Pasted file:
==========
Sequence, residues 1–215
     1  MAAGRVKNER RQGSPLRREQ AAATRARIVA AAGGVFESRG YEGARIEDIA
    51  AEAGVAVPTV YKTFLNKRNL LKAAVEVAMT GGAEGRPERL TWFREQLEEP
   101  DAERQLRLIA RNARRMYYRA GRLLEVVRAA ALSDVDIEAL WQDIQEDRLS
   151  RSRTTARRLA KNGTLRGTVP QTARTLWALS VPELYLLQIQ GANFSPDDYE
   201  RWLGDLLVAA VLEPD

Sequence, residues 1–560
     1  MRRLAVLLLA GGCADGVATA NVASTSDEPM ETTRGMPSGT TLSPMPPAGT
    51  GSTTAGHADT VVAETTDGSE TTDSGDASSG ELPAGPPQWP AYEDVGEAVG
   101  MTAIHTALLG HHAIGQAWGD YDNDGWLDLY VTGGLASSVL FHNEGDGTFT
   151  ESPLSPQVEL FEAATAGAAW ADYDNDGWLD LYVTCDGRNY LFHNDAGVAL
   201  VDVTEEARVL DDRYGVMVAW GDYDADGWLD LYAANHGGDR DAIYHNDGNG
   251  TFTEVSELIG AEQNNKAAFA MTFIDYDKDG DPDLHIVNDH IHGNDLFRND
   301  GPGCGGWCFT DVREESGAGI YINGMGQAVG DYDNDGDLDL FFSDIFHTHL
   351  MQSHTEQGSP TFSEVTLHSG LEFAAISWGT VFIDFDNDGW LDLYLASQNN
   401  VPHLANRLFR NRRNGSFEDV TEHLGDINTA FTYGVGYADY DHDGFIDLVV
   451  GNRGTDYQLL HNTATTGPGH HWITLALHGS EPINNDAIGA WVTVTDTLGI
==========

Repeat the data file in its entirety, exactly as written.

Sequence, residues 1–215
     1  MAAGRVKNER RQGSPLRREQ AAATRARIVA AAGGVFESRG YEGARIEDIA
    51  AEAGVAVPTV YKTFLNKRNL LKAAVEVAMT GGAEGRPERL TWFREQLEEP
   101  DAERQLRLIA RNARRMYYRA GRLLEVVRAA ALSDVDIEAL WQDIQEDRLS
   151  RSRTTARRLA KNGTLRGTVP QTARTLWALS VPELYLLQIQ GANFSPDDYE
   201  RWLGDLLVAA VLEPD

Sequence, residues 1–560
     1  MRRLAVLLLA GGCADGVATA NVASTSDEPM ETTRGMPSGT TLSPMPPAGT
    51  GSTTAGHADT VVAETTDGSE TTDSGDASSG ELPAGPPQWP AYEDVGEAVG
   101  MTAIHTALLG HHAIGQAWGD YDNDGWLDLY VTGGLASSVL FHNEGDGTFT
   151  ESPLSPQVEL FEAATAGAAW ADYDNDGWLD LYVTCDGRNY LFHNDAGVAL
   201  VDVTEEARVL DDRYGVMVAW GDYDADGWLD LYAANHGGDR DAIYHNDGNG
   251  TFTEVSELIG AEQNNKAAFA MTFIDYDKDG DPDLHIVNDH IHGNDLFRND
   301  GPGCGGWCFT DVREESGAGI YINGMGQAVG DYDNDGDLDL FFSDIFHTHL
   351  MQSHTEQGSP TFSEVTLHSG LEFAAISWGT VFIDFDNDGW LDLYLASQNN
   401  VPHLANRLFR NRRNGSFEDV TEHLGDINTA FTYGVGYADY DHDGFIDLVV
   451  GNRGTDYQLL HNTATTGPGH HWITLALHGS EPINNDAIGA WVTVTDTLGI